Alan Lightman wrote a fantastic essay for Harper’s Magazine that then got selected for The Best American Essays of 2012. It’s called “The Accidental Universe.” I highly recommend reading the whole essay, but I want to address it here. In the essay, Lightman talks about the history of science as recasting things once thought to be phenomena as explainable events necessary considering ever growing understanding of laws of nature. Things like the color of the sky or the temperature of boiling water were once miraculous and now easily explainable. “This long and appealing trend,” he writes, “may be coming to an end.”
Recent scientific developments are leading physicists to believe that our universe is one of several universes and that what we used to think of as necessary consequences of laws of nature are actually accidental. “Multiverse” is the term coined for the totality of universes. Theoretical physicists are uniquely distressed about the multiverse theory. Theoretical physicists work on explaining the why behind discoveries. They want to explain the properties of the universe in terms of fundamental principles. They believe in laws of nature that govern the behavior of matter. They want everything to make sense. Implied in their work is one universe with one set of rules. The fewer principles the better. Success is reached when every mystery is solved, when everything in our universe can be explained by scientific truth. If there are multiple universes with different properties, the work of theoretical physicists will never be the same again. The search for one set of answers may be coming to an end. “According to the current thinking of many physicists, we are living in one of a vast number of universes. We are living in an accidental universe. We are living in a a universe incalculable by science.”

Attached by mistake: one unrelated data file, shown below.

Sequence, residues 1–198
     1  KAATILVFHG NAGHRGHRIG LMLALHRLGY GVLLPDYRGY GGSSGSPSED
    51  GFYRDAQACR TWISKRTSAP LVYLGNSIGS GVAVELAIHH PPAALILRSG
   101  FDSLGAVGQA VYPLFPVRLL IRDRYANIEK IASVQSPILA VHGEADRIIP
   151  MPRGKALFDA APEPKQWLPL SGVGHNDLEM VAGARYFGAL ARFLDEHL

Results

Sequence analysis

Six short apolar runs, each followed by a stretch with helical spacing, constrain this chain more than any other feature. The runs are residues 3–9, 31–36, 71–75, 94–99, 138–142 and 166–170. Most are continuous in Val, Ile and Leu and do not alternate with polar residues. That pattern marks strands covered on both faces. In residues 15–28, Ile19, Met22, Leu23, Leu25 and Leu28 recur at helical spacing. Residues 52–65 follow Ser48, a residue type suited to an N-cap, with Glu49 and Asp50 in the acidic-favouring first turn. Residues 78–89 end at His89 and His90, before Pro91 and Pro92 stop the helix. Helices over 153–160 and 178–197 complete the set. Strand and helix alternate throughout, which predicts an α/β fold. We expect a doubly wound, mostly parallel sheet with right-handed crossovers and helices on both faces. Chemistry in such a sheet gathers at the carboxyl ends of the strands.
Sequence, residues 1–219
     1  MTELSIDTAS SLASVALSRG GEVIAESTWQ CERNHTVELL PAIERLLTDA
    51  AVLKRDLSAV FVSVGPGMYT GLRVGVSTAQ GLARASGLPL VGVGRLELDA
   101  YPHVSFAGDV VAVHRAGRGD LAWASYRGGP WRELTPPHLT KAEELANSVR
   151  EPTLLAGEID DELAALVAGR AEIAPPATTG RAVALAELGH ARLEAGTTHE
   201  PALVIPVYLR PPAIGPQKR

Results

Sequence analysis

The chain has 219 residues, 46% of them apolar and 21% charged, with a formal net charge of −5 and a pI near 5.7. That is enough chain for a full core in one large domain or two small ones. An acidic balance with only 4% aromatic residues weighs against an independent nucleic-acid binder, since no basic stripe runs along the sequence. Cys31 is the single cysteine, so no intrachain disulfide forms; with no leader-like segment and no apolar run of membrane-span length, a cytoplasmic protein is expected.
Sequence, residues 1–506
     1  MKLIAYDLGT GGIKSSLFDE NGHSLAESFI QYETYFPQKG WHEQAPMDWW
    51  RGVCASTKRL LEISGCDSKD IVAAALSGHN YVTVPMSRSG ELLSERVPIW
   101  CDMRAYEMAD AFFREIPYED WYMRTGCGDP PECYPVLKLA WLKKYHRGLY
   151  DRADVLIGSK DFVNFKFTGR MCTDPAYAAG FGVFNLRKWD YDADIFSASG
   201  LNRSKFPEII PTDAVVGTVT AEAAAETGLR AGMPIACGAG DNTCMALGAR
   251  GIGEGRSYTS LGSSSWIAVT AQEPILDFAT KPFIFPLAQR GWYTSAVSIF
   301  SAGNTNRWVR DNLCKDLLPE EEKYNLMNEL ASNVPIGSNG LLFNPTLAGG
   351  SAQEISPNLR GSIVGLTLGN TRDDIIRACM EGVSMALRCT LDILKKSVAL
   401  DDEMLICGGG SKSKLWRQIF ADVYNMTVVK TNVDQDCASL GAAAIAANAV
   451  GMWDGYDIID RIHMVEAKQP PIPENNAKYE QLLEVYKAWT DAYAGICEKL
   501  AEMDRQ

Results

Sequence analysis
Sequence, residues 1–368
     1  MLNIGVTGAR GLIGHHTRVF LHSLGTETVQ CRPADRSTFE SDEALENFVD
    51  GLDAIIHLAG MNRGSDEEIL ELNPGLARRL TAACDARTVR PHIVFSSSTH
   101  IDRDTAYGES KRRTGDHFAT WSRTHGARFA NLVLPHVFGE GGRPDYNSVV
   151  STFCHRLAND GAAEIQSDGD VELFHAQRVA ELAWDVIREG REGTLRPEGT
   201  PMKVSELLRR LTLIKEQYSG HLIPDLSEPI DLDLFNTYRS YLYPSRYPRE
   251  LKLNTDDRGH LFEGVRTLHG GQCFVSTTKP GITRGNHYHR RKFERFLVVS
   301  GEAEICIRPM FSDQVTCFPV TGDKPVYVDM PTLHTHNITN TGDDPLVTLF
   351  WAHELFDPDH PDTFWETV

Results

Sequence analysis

To explain the shift in thought further, Lightman uses a fish analogy. It is like theoretical physicists are a group of fish who set out to prove that the entire cosmos needs to be filled with water to support life. The world they can see is the only one that must exist. If another world did exist, it too must be life in water. They are never quite able to prove it, and then some fish start imagining that maybe there are dry worlds where life exists, too. Some fish are relieved, some think their life work in proving the necessity of water a waste. Still other fish are concerned because there is no way for the fish to do research in the dry worlds to prove the theory. It remains a conjecture. “We must believe in what we cannot prove.”
This shift in thought has consequences for religion. Many people believe the multiverse theory does not leave room for a Designer. There are many universes, and ours happens to have the conditions that support life. We are here, so our universe permits the emergence of life. We are an accident. A benevolent creator does not necessarily fit in the story.
Or did God just get bigger in our minds? The multiverse theory is asking physicists to accept that there will always be mystery in the universes. “Theologians are accustomed to taking some beliefs on faith. Scientists are not.” What would it mean for our faith today if the multiverse theory is correct? There may be countless other universes out there. Some may have stars, others may not. Some may be infinite. We will never know. And for me, that feeds my faith and fills me with wonder and awe.
Photo credit: Flickr user colorado art studio